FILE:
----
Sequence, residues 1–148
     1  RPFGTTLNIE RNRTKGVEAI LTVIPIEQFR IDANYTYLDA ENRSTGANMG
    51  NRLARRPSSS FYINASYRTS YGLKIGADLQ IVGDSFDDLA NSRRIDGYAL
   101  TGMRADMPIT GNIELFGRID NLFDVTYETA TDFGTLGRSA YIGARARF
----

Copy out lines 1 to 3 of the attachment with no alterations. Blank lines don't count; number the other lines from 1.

Sequence, residues 1–148
     1  RPFGTTLNIE RNRTKGVEAI LTVIPIEQFR IDANYTYLDA ENRSTGANMG
    51  NRLARRPSSS FYINASYRTS YGLKIGADLQ IVGDSFDDLA NSRRIDGYAL